If a Twitter user tries to embed a Substack link in a tweet, that tweet will now automatically lose its ability to be liked, retweeted, or even commented on. Furthermore, Twitter users can no longer pin a tweet to their profile that contains a Substack link.
Just one day before Twitter imposed this drastic and unexpected change, Substack introduced a new feature called Substack Notes that brings a social media-like feed with tweet-like posts to the popular independent newsletter platform – though, to be clear, Substack Notes is not a Twitter competitor because it exists solely within the newsletter platform's ecosystem.
"We're disappointed that Twitter has chosen to restrict writers’ ability to share their work," said Substack founders Chris Best, Hamish McKenzie, and Jairaj Sethi in a statement provided to Mashable about the issue.
"Writers deserve the freedom to share links to Substack or anywhere else. This abrupt change is a reminder of why writers deserve a model that puts them in charge, that rewards great work with money, and that protects the free press and free speech. Their livelihoods should not be tied to platforms where they don't own their relationship with their audience, and where the rules can change on a whim."
(Related: Despite his continued empty promises about supporting free speech, Elon Musk has actually increased the amount of censorship that occurs on the increasingly unpopular social media platform.)
An even worse form of censorship exists for Brighteon links, by the way. If a Twitter user attempts to embed a Brighteon link in a tweet, that tweet will not even post at all. Instead, a pop-up message appears that says:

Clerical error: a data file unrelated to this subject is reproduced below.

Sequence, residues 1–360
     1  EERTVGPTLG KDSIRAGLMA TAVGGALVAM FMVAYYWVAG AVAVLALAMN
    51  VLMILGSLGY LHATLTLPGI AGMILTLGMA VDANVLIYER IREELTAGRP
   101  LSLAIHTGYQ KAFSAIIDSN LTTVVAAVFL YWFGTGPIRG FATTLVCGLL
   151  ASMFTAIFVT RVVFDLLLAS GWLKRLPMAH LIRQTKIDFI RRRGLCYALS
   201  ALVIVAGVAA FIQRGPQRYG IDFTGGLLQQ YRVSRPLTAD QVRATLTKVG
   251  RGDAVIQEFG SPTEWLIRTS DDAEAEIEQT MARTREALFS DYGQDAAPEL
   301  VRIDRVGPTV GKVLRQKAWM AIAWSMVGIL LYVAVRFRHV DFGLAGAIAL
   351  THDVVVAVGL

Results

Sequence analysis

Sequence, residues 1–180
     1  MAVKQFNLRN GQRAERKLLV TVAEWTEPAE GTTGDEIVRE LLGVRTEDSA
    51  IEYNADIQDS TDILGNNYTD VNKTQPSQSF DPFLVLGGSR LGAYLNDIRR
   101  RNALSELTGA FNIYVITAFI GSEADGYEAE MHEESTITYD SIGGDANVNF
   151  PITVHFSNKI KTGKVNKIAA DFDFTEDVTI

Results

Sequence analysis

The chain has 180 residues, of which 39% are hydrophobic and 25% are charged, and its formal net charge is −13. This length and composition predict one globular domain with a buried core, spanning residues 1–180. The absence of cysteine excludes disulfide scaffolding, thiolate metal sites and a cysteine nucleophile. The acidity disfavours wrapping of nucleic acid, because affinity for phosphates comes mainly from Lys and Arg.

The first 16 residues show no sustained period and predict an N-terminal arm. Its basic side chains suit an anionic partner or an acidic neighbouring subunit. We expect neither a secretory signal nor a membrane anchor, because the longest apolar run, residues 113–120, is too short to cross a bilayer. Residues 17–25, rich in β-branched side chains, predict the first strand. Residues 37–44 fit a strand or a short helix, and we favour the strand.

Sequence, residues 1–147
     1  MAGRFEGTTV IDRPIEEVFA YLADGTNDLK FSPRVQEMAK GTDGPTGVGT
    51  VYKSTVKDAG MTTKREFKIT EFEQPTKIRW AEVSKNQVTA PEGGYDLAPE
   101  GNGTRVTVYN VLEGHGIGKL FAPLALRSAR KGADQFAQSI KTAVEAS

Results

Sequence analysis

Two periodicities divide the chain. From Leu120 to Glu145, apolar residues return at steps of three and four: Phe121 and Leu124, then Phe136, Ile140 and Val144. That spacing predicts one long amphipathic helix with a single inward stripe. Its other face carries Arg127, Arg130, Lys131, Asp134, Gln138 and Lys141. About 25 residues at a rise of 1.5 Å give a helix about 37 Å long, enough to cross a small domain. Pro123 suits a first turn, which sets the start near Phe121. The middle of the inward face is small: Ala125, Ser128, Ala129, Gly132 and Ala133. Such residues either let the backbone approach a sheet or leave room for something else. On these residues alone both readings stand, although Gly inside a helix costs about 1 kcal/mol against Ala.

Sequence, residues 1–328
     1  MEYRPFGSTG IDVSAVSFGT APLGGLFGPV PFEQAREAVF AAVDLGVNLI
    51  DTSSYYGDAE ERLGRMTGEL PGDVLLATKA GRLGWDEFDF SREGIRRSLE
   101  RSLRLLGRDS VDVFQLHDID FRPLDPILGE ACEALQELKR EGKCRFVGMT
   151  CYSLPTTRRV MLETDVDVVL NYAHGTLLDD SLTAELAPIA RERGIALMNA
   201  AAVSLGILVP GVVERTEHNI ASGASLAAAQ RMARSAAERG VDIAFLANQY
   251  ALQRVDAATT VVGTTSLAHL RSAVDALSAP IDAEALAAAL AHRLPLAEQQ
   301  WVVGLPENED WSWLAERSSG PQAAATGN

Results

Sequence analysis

"We can't complete this request because this link has been identified by Twitter or our partners as being potentially harmful."
Mind you, it does not matter which video one tries to share from Brighteon, as the entire domain name has been banned from the platform.
It is clear from all this that absolutely nothing has changed at Twitter on the First Amendment front, despite being taken over and taken private by electric vehicle (EV) nerd Elon Musk, who pretends to support things like free speech but in practice is just another billionaire grifter who craves attention.
None of this is a good look for Twitter, which is now losing popularity even with leftists simply because Musk is at the helm. This latest move to limit the spread of Substack links will only drive yet another nail in the social media platform's inevitable coffin.
"Twitter's move to block Substack links is certainly a bizarre one," writes Matt Binder for Mashable. "Twitter itself once ran a Substack alternative called Revue. However, the company shut down the newsletter platform shortly after Musk took over. Both Twitter and Substack share the same tech VCs as investors. Many of the Twitter users that Musk frequently interacts with run Substack newsletters. The Musk-approved Twitter Files were predominantly distributed via writer Matt Taibbi's own Subtack newsletter."
"Elon Musk has repeatedly touted that his reasons for acquiring Twitter was to help level the playing field, making it a more 'free speech' platform, on what he considers to be the 'de facto town square' ... However, it appears that's only the case if you don't happen to also offer Twitter's users an alternative platform."
The latest news about Twitter under Elon Musk can be found at Censorship.news.
Sources for this article include: